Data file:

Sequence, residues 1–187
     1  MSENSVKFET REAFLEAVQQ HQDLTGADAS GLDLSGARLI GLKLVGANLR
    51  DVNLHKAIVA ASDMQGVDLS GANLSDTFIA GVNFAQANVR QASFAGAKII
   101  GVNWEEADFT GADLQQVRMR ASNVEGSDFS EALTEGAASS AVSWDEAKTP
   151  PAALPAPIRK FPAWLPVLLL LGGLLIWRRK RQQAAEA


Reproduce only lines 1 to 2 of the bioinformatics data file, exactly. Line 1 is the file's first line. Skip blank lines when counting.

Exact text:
Sequence, residues 1–187
     1  MSENSVKFET REAFLEAVQQ HQDLTGADAS GLDLSGARLI GLKLVGANLR